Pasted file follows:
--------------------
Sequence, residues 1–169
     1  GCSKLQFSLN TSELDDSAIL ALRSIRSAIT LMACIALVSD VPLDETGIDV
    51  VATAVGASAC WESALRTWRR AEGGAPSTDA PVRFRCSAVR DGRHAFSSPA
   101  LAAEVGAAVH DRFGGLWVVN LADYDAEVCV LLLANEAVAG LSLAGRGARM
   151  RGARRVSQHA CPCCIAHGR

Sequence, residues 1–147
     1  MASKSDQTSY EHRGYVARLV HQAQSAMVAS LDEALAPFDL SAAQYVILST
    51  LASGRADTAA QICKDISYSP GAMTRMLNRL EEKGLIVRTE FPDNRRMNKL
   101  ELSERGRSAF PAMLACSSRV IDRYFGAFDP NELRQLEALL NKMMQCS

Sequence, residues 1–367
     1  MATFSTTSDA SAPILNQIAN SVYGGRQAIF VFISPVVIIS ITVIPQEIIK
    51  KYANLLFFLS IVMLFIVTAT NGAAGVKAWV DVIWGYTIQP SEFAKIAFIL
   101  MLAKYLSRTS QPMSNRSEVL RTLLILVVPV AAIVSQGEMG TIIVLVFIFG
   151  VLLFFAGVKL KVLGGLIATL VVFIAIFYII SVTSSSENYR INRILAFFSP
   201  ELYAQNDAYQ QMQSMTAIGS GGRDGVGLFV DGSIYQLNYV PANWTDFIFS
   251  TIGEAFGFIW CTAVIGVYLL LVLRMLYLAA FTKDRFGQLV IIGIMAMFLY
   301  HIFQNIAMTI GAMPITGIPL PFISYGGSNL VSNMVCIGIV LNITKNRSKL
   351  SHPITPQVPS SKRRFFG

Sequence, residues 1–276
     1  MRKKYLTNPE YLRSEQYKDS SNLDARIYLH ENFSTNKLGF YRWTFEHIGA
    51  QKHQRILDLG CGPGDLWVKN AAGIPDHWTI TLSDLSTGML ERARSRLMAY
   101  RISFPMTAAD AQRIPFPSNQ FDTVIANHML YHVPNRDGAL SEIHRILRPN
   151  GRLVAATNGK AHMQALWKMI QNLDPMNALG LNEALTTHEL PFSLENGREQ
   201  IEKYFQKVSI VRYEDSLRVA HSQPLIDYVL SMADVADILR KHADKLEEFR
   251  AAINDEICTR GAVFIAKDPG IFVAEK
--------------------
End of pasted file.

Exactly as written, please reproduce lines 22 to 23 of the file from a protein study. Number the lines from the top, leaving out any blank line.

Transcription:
   101  RISFPMTAAD AQRIPFPSNQ FDTVIANHML YHVPNRDGAL SEIHRILRPN
   151  GRLVAATNGK AHMQALWKMI QNLDPMNALG LNEALTTHEL PFSLENGREQ